Once upon a time, the business owner who bragged of being too busy to take time off was considered a great success. Not any more! These days, taking a break from the business is recognised as vital for ongoing success.
Why are so many of our lifestyles crippled, rather than enhanced, by our businesses? The 2012 MYOB Business Monitor survey revealed that 53 per cent of owners of small and medium businesses took fewer holidays than they could have and 29 per cent said they took no holidays at all.
Holidays aren’t just a ‘nice-to-have’ – they’re a necessity for happiness, wellbeing and nurturing relationships with family and friends. Recent research by recruitment psychometrics firm Onetest found that people who hadn’t taken annual leave in the previous 12 months were less satisfied with life. The report also quotes an academic study (Matthews, 2000), which discovered that those who do not take holidays experience more health problems.
The business case for holidays
One of Australia’s bestselling small business authors, Andrew Griffiths, who has written a book on the topic called 101 Ways To Have A Business And A Life (Allen & Unwin, $24.95), says the reality for small business owners is that there is never a good time to take a holiday.
“The problem is that holidays are essential to keep you sane and to prevent burnout,” says Griffiths, who presents to and works with businesses around Australia. “Every business owner needs to plan regular breaks from their business, and they need to be good breaks.”
Here is what Griffiths recommends.
Think of a holiday as an investment
If you’re a business owner, then you are your business’s biggest asset, says Griffiths. A holiday is an investment in your biggest asset. The longer the list of reasons you can’t take a holiday, the more important it is that you take one.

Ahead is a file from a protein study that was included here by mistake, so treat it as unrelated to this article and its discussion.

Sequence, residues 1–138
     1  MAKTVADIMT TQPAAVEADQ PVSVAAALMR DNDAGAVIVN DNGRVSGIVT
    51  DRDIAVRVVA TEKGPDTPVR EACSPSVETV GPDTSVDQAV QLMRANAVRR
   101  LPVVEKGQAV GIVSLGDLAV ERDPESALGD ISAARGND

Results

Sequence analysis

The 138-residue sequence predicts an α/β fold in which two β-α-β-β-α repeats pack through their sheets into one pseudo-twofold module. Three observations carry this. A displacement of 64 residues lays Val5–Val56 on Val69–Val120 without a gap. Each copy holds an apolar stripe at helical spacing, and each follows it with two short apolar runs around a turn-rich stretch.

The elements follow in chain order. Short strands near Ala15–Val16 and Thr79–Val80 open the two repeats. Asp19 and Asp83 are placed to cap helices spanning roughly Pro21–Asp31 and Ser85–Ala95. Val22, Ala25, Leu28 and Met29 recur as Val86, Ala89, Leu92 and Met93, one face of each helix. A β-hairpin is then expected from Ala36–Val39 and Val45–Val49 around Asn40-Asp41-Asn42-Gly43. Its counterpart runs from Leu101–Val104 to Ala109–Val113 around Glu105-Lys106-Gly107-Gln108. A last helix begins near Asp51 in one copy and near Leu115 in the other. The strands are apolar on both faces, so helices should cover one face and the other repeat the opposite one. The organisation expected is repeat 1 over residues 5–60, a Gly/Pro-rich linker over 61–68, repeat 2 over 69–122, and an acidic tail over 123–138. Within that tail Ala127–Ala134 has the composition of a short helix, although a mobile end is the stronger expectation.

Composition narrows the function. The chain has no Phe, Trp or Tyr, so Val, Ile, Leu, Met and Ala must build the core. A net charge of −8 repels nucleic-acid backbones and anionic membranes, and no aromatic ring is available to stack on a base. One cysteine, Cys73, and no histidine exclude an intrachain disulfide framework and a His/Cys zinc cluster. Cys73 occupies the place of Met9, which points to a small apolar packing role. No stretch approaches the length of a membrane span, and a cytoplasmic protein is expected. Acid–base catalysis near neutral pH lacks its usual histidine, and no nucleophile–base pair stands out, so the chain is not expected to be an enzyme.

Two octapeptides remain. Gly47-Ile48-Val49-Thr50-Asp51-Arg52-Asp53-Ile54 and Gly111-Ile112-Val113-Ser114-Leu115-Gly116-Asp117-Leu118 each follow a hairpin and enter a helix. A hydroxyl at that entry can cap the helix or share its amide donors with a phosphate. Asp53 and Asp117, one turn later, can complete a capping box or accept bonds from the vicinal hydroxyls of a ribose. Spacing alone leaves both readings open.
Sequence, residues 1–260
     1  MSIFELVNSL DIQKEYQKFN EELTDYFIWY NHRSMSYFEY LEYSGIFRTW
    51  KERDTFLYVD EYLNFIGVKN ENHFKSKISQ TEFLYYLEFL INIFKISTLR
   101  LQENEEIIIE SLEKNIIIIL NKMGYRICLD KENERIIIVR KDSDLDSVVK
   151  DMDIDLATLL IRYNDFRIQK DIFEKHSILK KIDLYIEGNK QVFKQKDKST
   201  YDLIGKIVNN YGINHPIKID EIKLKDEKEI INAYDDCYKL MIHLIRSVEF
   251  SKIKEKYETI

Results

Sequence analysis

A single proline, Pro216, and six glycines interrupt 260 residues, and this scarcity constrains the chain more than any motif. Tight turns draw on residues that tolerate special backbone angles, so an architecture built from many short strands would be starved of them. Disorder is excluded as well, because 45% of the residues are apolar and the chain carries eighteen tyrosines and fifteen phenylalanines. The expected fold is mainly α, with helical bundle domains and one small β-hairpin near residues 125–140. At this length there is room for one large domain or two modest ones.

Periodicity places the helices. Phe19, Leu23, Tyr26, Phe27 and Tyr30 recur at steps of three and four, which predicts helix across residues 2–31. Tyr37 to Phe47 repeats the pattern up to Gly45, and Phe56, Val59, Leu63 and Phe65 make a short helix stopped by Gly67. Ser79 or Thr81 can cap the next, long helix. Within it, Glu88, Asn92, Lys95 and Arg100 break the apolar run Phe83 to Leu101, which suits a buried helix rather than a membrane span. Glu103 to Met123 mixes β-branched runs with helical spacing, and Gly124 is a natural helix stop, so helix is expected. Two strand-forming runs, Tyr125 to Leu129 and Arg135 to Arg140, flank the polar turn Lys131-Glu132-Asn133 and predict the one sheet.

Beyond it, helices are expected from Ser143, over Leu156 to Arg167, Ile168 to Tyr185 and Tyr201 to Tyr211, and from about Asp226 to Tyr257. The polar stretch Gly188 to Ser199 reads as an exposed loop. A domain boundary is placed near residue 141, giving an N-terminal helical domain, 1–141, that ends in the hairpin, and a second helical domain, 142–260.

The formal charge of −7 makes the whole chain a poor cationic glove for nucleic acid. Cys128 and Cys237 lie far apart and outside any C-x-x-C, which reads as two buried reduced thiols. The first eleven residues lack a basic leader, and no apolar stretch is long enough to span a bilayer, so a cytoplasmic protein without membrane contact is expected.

“Small business owners traditionally have not tended to look after themselves,” says Griffiths. “The problem is that when we are fried, we stop being creative and energetic in our businesses and simply go through the motions. I think the business actually starts to look tired and fatigued as well, which is not a good way to attract customers.
“When we are recharged, feeling good, feeling healthy, have caught up on sleep and so on, we are in a much better state of mind, and this revitalised energy is reflected in our business. And, of course, we come up with the best ideas for our business when we’re lying on a deck chair under a palm tree – not at midnight when we’re exhausted from working 30 days straight.”
Give everybody plenty of notice
In order to protect your supplier, client and customer relationships, start telling them at least one month out that you’re going to be away. Then reiterate the point again when you’re one week out. “There’s nothing worse than getting a last minute email for an urgent job just as you’re walking out the door,” says Griffiths.
Avoid the “crazy last day”
It’s easy to make the last day before a holiday a lot more bearable, says Griffiths.